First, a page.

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(2021-08-22, 10:05 PM)Sciborg_S_Patel Wrote: An amazing example of the kind of Double Speak you have to entertain to be part of the Physicalist-Atheist cult...So the I needs to reflect on the I to see it doesn't exist?...What? Goes back to Hankins' question - "If consciousness is an illusion, who precisely is being fooled?"

Have any other mere ten words ever so utterly eviscerated an intellectual conceit as these?

Double-speak done and dusted.
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(2021-08-22, 10:33 PM)Laird Wrote: Have any other mere ten words ever so utterly eviscerated an intellectual conceit as these?

Double-speak done and dusted.

Yeah I recall someone commenting on one of BK's essays noting that no matter how you feel about different paradigms for consciousness they can at least be stated simply.

Illusionism, however, can't ever get started without trying to convince you of absurdity. And this is the jumping off point to even greater descent, like when Graziano tried to convince us that puppets were consciousness....(o_O).
'Historically, we may regard materialism as a system of dogma set up to combat orthodox dogma...Accordingly we find that, as ancient orthodoxies disintegrate, materialism more and more gives way to scepticism.'

- Bertrand Russell


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Oh boy. Yes. When your argument is (paraphrased) "Just as we attribute the illusion of consciousness to a puppet, so our attribution of consciousness to ourselves and others is illusory" you need to stop attributing to yourself the illusion that you are making sense.
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I was gonna do a response but Sci pretty much hit the nail on the head. I always feel kinda bad talking shit when I see posts like these, cause here's this famous neuroscientist compared to me.

But anyway, you can definitely see the angle he's going for in this. It's funny that even he admits that the hard problem and the mind body problem are significant obstacles. But then he tries to dodge the problems by rewording them and attempting to undermine them. The problems that are there make him uncomfortable so he's trying to slip in a bit of physicalism to make them go away. Though, even if you somehow solved the hard problem you still have the explanatory gap of how consciousness comes from objective matter in the first place.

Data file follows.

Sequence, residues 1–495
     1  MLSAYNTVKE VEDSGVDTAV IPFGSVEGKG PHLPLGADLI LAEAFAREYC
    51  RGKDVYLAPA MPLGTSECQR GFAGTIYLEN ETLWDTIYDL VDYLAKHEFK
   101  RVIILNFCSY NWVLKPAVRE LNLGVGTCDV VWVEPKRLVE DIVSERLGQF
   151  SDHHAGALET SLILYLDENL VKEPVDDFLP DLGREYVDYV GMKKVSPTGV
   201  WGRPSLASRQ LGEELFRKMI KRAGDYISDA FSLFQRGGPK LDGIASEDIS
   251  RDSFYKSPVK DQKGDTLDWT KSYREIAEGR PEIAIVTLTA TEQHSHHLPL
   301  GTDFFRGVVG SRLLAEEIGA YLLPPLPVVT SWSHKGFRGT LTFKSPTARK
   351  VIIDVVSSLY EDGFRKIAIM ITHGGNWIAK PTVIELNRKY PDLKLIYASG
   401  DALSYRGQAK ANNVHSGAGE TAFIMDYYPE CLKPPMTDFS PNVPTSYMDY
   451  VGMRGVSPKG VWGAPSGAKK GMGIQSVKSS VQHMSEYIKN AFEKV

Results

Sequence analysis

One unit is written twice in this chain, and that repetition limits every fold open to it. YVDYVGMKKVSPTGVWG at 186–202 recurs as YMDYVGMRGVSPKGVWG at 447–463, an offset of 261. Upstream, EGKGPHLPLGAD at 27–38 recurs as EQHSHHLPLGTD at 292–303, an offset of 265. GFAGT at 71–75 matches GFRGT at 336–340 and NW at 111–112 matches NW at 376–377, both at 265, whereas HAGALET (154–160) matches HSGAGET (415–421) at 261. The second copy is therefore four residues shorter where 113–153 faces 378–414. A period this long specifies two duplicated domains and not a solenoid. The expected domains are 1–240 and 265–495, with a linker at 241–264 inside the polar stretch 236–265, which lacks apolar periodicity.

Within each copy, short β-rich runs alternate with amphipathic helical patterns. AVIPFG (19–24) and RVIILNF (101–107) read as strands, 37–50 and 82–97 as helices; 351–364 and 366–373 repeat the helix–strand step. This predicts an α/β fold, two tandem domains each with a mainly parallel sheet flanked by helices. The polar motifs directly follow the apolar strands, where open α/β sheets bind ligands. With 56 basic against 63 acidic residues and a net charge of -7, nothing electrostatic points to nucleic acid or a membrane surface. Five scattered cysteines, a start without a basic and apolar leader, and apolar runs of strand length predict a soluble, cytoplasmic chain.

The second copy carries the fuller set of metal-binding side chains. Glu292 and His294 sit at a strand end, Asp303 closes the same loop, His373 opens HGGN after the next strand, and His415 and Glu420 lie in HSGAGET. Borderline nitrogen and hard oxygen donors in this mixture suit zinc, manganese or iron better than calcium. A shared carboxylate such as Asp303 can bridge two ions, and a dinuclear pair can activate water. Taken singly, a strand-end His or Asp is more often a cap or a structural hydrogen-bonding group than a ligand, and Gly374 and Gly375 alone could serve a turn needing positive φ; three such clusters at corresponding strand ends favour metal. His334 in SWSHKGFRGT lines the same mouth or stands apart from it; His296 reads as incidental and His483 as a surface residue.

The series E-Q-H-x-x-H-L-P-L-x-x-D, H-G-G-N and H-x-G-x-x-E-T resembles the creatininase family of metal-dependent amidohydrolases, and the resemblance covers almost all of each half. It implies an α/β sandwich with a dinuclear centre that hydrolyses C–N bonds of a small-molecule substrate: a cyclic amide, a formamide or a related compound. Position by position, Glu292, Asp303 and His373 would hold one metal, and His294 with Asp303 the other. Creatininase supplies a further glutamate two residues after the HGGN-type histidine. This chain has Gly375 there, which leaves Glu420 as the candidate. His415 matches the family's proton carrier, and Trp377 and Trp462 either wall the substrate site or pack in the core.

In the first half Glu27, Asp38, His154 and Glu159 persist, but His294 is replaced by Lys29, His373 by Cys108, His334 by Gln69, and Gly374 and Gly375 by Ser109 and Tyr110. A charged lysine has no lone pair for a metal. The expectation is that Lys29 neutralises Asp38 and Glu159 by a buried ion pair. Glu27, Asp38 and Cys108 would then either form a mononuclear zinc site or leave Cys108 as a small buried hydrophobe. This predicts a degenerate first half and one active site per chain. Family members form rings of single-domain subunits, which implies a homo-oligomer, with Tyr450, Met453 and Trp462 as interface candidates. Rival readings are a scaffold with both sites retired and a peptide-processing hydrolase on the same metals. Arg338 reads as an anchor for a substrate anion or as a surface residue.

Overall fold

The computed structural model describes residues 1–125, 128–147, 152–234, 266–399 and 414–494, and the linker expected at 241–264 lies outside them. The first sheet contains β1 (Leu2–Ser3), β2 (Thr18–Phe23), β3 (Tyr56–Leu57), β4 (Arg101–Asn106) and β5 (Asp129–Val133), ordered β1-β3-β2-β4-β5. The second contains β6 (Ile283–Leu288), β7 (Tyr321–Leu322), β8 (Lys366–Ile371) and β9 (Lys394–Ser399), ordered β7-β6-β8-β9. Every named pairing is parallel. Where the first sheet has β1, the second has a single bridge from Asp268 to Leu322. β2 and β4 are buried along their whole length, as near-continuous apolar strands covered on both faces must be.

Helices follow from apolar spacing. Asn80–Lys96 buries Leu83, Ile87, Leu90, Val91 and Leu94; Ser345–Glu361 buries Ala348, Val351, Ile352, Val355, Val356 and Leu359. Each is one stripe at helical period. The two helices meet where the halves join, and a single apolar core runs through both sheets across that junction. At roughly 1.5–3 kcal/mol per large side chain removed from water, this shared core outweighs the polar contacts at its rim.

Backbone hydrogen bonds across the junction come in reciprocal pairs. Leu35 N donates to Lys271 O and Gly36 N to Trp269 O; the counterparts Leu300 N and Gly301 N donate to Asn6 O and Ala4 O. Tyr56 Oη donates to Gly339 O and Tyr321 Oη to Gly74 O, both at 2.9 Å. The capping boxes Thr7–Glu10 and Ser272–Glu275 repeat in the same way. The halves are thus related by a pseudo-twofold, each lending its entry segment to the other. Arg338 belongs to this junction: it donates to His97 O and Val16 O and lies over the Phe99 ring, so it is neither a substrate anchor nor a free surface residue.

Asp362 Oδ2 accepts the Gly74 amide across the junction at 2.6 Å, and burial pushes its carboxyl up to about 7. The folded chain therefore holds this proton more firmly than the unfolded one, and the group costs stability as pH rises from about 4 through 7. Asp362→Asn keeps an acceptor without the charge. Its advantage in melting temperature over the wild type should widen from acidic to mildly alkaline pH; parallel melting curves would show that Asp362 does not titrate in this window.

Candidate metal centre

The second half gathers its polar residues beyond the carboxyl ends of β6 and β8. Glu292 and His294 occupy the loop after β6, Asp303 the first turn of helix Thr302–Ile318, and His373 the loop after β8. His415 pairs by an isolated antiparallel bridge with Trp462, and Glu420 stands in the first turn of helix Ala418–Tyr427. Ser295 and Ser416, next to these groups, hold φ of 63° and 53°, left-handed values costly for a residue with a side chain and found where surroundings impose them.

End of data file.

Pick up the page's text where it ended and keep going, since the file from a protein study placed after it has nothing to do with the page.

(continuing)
I remember seeing a thing a while ago about him making fun of panpsychism for being magical thinking with conscious spoons. He's definitely go his angle.
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(2021-08-23, 08:53 AM)Smaw Wrote: I was gonna do a response but Sci pretty much hit the nail on the head. I always feel kinda bad talking shit when I see posts like these, cause here's this famous neuroscientist compared to me.

But anyway, you can definitely see the angle he's going for in this. It's funny that even he admits that the hard problem and the mind body problem are significant obstacles. But then he tries to dodge the problems by rewording them and attempting to undermine them. The problems that are there make him uncomfortable so he's trying to slip in a bit of physicalism to make them go away. Though, even if you somehow solved the hard problem you still have the explanatory gap of how consciousness comes from objective matter in the first place.

I remember seeing a thing a while ago about him making fun of panpsychism for being magical thinking with conscious spoons. He's definitely go his angle.

Yeah, the "magical thinking" pejorative is ironic considering all possible explanations for consciousness, including those coming from materialist circles, are magical through any generous definition of the word.

Sci, thank you for the quote (If consciousness is an illusion, who precisely is being fooled?) as I'd never seen that one before.  Pretty profound it seems.